Hang around inside the small world of bespoke tailors and menswear connoisseurs long enough, and you start to see patterns. Literally and figuratively.
There are certain historical menswear garments that have infiltrated the "insider's club" of tailoring specialists. Today, for example, we take a close look at a fabric that is very popular among the league of extraordinary clothing connoisseurs; Solaro.
"While a lot of different fabrics are referred to as Solaro, only London cloth merchant Smith Woollens, now part of Harrisons, offers the real thing. It’s an olive colored wool cloth, which comes in a variety of weaves including herringbones and twill. Its defining feature is that it’s woven with red yarns on the underside, which show through the fabric to a greater or lesser extent depending on the lighting and the angle of the viewer.
The cloth is around 11oz in weight, which is mid-to-heavyweight by modern standards, even though Solaro was originally designed as summer suiting (to reflect-away the sun). The idea that it’s summery stems in part from its shade, but more intriguingly from the myth that many years ago Western travellers in the tropics noticed that the natives wore clothes with red linings to protect their skin from the sun.
Solaro’s heat-repelling qualities are sadly mythical, but that ought not put off any man considering a summer suit made from the stuff. If it were ordered with little lining, and worn with linen shirts and brown slip-on shoes it would be comfortable on all but the very hottest days. One of the fabric’s qualities that make it appealing to the clothing connoisseur is that it suggests the wearer doesn’t feel bound by the opinions of the kind of lesser man who might consider Solaro eccentric – you either ‘get Solaro’, or you don’t. This has given the cloth a cult status among tailoring aficionados, who like the fact that it’s not entirely business-appropriate. Ordering bespoke suits that can’t easily be worn to the office is a powerful statement of intent, and perhaps the distinguishing characteristic of the modern dandy." - Mansel Fletcher for Savile Row's Chris Kerr Bespoke.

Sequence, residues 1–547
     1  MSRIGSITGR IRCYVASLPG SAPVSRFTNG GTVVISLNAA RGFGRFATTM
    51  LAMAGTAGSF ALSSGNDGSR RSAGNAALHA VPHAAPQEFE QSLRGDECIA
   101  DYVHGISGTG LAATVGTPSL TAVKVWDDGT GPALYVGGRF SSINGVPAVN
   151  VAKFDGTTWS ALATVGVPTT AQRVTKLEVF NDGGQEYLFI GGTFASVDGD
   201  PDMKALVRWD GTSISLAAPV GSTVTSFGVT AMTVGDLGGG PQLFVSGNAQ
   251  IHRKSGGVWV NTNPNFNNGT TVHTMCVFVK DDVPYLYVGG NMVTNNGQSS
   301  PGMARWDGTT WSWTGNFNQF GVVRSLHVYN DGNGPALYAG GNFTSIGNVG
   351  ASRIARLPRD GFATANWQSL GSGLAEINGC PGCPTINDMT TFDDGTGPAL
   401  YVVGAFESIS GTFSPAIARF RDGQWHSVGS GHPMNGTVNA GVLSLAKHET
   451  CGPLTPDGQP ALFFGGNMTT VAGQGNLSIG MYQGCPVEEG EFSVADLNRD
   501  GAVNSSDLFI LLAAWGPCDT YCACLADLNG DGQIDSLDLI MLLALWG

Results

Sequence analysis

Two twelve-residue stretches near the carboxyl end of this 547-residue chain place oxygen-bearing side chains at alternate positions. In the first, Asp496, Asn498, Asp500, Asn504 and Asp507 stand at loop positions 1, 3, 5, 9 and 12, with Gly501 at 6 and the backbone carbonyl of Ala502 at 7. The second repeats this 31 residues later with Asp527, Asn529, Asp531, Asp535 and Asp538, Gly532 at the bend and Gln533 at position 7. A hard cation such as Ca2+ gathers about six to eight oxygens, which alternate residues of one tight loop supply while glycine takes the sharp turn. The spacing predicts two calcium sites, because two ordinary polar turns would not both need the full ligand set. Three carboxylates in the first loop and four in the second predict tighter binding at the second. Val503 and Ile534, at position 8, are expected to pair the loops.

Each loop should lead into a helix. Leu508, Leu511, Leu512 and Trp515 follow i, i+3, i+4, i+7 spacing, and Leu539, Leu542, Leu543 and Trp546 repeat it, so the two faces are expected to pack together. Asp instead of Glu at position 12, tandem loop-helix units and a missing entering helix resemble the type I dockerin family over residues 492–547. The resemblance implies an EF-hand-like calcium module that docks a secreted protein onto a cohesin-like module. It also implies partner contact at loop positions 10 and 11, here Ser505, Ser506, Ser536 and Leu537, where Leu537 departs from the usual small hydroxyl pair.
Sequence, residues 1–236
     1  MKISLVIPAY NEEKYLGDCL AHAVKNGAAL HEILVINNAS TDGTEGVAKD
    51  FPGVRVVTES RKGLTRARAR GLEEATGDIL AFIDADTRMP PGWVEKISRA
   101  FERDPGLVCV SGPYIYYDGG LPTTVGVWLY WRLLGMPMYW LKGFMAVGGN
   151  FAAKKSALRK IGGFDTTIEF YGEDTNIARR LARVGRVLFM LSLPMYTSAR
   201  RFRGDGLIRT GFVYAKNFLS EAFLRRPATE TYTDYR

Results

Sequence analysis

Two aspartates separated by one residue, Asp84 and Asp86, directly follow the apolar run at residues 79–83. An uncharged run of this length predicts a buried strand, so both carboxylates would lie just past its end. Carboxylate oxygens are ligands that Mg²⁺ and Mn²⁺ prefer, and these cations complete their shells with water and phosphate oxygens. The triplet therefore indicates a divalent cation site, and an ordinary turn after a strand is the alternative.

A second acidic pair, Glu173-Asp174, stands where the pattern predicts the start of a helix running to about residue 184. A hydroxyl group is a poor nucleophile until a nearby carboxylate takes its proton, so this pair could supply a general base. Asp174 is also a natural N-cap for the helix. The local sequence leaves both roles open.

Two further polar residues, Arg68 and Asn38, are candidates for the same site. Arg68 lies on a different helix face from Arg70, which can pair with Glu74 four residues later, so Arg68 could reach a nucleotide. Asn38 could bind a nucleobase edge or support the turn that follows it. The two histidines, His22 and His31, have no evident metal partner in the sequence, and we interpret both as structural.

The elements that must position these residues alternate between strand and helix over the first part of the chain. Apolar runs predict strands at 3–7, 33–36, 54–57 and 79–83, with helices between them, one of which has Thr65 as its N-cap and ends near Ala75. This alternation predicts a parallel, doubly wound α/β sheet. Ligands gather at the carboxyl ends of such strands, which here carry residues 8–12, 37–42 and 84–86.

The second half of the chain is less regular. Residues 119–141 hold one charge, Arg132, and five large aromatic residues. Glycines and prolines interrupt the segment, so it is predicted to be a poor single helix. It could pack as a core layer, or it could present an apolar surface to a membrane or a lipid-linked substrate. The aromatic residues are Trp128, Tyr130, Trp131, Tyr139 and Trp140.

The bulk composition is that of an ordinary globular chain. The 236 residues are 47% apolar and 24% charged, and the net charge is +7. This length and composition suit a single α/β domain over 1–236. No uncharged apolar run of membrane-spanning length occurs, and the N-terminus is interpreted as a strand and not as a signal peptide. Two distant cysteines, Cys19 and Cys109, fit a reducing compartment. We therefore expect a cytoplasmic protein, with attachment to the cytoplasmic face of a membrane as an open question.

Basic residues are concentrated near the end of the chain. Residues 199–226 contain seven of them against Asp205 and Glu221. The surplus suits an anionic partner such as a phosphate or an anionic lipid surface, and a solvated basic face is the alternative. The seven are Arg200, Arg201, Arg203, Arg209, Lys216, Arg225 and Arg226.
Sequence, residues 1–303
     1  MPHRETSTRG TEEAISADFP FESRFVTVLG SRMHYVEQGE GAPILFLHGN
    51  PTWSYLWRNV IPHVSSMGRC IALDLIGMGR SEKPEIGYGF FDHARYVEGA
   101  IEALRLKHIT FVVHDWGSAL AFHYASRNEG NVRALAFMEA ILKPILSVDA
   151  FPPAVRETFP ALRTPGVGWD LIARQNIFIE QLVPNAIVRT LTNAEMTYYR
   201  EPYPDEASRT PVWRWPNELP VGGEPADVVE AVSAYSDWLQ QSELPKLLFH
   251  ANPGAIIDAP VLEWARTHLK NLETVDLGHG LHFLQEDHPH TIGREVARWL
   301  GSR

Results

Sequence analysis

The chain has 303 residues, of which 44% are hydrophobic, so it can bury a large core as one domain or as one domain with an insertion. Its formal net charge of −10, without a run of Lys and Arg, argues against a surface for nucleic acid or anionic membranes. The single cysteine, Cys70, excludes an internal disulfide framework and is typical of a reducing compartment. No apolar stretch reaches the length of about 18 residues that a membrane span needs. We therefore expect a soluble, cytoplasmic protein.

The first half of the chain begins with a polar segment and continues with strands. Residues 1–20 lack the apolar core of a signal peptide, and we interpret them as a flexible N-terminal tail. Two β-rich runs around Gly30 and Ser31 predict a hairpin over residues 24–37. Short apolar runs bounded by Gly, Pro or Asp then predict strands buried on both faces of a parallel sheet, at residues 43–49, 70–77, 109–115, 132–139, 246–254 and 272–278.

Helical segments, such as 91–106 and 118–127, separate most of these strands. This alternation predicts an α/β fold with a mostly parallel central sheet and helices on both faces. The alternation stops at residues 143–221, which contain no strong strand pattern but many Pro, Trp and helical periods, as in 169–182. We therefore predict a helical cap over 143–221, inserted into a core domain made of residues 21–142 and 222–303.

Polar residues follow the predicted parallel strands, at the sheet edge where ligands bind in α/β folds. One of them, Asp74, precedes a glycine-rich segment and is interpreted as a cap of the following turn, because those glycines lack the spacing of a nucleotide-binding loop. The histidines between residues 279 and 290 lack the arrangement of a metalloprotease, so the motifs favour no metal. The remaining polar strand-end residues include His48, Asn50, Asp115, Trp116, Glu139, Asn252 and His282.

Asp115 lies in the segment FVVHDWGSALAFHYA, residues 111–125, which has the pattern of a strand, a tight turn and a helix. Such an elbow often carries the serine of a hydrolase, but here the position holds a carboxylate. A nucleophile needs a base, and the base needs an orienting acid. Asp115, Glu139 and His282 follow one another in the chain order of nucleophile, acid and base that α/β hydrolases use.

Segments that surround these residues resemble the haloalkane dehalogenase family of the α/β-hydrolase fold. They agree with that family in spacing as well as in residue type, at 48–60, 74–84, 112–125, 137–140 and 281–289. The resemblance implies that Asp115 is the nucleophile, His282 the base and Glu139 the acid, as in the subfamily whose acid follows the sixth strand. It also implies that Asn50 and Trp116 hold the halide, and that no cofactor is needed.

"Solaro is a good example of how the language of textiles absorbs meanings which go further than the aesthetic appearance. Despite its iridescent, shiny surface, which might seem to be an inclination towards flamboyance, its military origins and the standing of the men who wore it, have given solaro a reputation of composure." - the VBC glossary; a well-written resource for men's fabric descriptions.
As it turns out, we have a handful of friends in the business (whom we consider "menswear connoisseurs") who happen to have bespoke suits cut from the traditional Solaro fabric. So in the spirit of old-world elegance and even-older-world competition, feel free to use the comments section below to share your opinion on "who wore it best".
Angel's solaro is cut the Italian way; a slim 6x2 double-breasted jacket with wide peak lapels, soft shoulders, and jet pockets.
For the record, Angel also has a single-breasted Solaro suit, as we've featured before.
There's that Belgian loafer again, this time in a bluish-grey canvas with leather trim.
Khaled's solaro is cut the Neapolitan way; nipped at the waist and broad in the shoulders, with patch pockets, bold lapels, and generously roped sleeves.
If you look closely you can see hints of red and green yarns, as well as the iridescence as the light hits the fabric from different angles.
I'm very proud of my friend, fellow Canadian, JS Vann, aka "Sox", aka "Mr. Dirty Inc." Congrats on starting your own bespoke menswear shop in Toronto, and for doing it all with passion and honesty.
What I notice most about Sox's solaro is that it's cut perfectly for him. Unlike Angel and Khaled, JS is not 6 feet tall and model size. Sox is more like 5'8, on a good day. Roughly 170 lbs. By looking at him in his properly-cut suit, though, he looks tall and lean... Look closely at the image below. Notice how deep the button stance is (damn near his belly button), and how close together the two buttons are. This allows him to keep the jacket cropped (to lengthen the leg line) but creates the illusion that the jacket is longer. For shorter guys I like this better than a one-button jacket.
Thanks, as always, for reading and special thanks to each of these stylish gentlemen for participating.
Yours in style,